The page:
Migration Watch 2004
Make an early start ? the birds have!The exceptionally early arrival of some spring migrants a week before the launch of Migration Watch has caught the BTO out. Migration Watch , the on-line spring migration survey, sponsored by Northumbrian Water, does not go live until Sunday 15th February - but no one told the birds.
High-pressure systems over Europe and warm south-westerly winds over last weekend (7-8 February) gave way to spring like conditions and encouraged some migrants to head north to Britain and Ireland well before schedule. Over the last week, we have seen an unprecedented arrival of House Martins, with as many as 35 recorded across the south coast of England and one in Ireland. A lone Sand Martin flew past Rye Harbour in East Sussex on 7 February and on the same day Swallows were seen in Somerset and Isles of Scilly. For many birdwatchers, the Wheatear is the classic harbinger of spring so it is exciting that two have been recorded at such an early date; one in West Sussex on 9 February and one in Devon on 10 February.The Red-rumped Swallow, a rare visitor to Britain from southern Europe was seen in Cornwall on 8 and 10 February. This species would normally stay in southern Europe for the summer but the good conditions for migration meant that it flew too far north ? a good example of a spring overshoot (travelling too far north).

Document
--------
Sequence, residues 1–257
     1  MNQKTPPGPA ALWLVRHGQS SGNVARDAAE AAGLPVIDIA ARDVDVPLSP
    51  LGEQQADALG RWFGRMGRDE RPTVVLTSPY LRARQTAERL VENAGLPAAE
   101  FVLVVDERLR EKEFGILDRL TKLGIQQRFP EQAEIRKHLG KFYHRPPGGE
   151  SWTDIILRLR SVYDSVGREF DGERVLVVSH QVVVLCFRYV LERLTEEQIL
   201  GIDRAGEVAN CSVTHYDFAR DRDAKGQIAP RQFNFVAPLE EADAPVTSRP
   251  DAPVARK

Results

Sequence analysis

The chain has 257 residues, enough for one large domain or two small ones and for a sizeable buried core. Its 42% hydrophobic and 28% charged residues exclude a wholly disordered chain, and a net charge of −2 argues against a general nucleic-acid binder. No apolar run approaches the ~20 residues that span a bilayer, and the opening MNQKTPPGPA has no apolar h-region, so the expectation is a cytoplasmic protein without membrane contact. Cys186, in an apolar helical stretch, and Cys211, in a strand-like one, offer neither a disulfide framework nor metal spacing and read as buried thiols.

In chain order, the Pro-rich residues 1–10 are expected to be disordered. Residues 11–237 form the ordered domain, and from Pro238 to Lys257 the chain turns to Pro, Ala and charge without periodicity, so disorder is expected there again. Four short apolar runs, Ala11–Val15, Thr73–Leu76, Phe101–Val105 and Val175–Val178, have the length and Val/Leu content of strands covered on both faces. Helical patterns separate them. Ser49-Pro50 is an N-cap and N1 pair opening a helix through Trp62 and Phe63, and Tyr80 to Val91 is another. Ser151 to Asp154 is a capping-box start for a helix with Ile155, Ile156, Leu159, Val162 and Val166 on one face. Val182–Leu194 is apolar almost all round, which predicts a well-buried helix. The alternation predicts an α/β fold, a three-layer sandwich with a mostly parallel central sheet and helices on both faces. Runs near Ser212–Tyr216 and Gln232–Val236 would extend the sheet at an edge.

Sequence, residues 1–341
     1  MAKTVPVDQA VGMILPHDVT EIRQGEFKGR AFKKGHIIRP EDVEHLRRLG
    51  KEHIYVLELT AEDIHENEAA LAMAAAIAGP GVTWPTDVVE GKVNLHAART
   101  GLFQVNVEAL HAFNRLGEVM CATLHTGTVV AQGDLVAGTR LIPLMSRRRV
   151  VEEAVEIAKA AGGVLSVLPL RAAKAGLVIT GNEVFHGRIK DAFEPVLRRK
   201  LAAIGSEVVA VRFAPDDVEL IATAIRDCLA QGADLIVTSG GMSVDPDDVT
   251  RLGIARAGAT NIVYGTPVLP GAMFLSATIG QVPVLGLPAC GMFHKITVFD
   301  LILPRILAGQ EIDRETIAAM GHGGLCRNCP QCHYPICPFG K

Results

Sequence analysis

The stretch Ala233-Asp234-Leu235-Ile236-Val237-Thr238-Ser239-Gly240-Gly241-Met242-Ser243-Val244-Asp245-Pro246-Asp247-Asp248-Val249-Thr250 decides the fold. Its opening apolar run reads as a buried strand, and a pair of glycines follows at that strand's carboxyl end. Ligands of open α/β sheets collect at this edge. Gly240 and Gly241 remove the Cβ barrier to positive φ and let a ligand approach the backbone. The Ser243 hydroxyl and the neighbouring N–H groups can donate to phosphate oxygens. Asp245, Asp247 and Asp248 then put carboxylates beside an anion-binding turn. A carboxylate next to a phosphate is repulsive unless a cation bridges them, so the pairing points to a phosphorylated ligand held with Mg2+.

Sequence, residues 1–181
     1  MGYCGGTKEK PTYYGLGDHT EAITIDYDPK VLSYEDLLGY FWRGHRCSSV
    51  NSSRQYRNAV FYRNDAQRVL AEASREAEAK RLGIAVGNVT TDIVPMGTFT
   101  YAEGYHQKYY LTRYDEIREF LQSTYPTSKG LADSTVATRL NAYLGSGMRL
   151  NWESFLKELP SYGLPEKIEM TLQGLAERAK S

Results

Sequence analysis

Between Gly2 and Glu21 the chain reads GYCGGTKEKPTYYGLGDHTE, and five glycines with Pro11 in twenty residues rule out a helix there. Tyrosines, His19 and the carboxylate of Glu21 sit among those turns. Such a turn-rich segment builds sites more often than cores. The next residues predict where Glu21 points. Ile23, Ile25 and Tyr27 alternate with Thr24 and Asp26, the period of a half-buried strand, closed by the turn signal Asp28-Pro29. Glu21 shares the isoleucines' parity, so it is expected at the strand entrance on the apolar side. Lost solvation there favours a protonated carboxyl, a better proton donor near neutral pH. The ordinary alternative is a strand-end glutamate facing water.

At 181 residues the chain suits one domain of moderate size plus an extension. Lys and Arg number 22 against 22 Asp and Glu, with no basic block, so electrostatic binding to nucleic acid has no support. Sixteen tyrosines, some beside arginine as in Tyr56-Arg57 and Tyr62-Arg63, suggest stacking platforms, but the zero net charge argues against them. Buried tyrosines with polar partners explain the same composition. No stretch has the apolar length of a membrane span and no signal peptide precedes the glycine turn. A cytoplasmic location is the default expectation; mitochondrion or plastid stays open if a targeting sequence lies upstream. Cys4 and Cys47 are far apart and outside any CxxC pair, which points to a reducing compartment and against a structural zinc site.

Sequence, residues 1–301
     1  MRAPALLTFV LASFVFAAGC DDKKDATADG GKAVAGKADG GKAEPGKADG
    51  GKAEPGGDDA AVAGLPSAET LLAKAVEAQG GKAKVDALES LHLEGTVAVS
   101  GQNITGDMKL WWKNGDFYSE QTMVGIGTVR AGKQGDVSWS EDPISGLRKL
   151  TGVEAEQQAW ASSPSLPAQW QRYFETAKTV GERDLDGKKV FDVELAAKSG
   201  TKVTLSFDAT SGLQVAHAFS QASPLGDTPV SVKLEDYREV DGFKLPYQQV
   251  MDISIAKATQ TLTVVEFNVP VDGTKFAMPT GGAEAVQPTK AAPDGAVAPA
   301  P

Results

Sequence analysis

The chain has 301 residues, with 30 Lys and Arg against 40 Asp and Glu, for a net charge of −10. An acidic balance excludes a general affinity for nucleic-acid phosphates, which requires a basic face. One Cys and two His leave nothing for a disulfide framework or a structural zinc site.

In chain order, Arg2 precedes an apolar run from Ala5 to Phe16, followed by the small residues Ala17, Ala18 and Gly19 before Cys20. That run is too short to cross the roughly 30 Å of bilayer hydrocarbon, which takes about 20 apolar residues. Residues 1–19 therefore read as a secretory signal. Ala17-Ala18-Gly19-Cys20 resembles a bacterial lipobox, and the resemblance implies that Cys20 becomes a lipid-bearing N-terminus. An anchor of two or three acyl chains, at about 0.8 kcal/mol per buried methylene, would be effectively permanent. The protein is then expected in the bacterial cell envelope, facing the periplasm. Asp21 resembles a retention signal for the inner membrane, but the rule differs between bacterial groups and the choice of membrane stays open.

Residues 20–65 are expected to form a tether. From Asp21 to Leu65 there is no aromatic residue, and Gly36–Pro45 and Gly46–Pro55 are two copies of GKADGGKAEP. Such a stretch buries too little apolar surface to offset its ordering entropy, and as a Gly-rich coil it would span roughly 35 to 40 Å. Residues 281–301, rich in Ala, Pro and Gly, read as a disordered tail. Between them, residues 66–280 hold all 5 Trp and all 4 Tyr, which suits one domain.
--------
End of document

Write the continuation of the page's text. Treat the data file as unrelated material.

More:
Dawn Balmer, who runs Migration Watch for the BTO said, For all these early arrivals the big question is will there be enough food for them to survive? All these birds eat insects and will need a good supply if they are to get through the next few weeks. We expect these birds to arrive in March and April, when the weather is warmer and there are more insects around.Birdwatchers can record their sightings of early summer visitors such as Wheatear, Sand Martin and Swallow, on the BTO`s Migration Watch website and watch how the migrants arrive and spread northwards through the country on the amazing animated maps. Anyone with an interest in birds and access to the Internet can take part in Migration Watch . To enter your sightings visit the website at http://www.bto.org/migwatch and register as a Migration Watch recorder.
You`ll be fascinated watching the migrant birds arrive online! Migration Watch started in 2002 so you will also be able to compare the timing of arrival with the previous two years ? there are already signs that they might be earlier this spring? As well as recording summer migrants arriving, we also want your records of winter visitors such as Redwing, Fieldfare and Brambling, as they get ready to depart for their breeding grounds in Scandinavia.
4th July 2014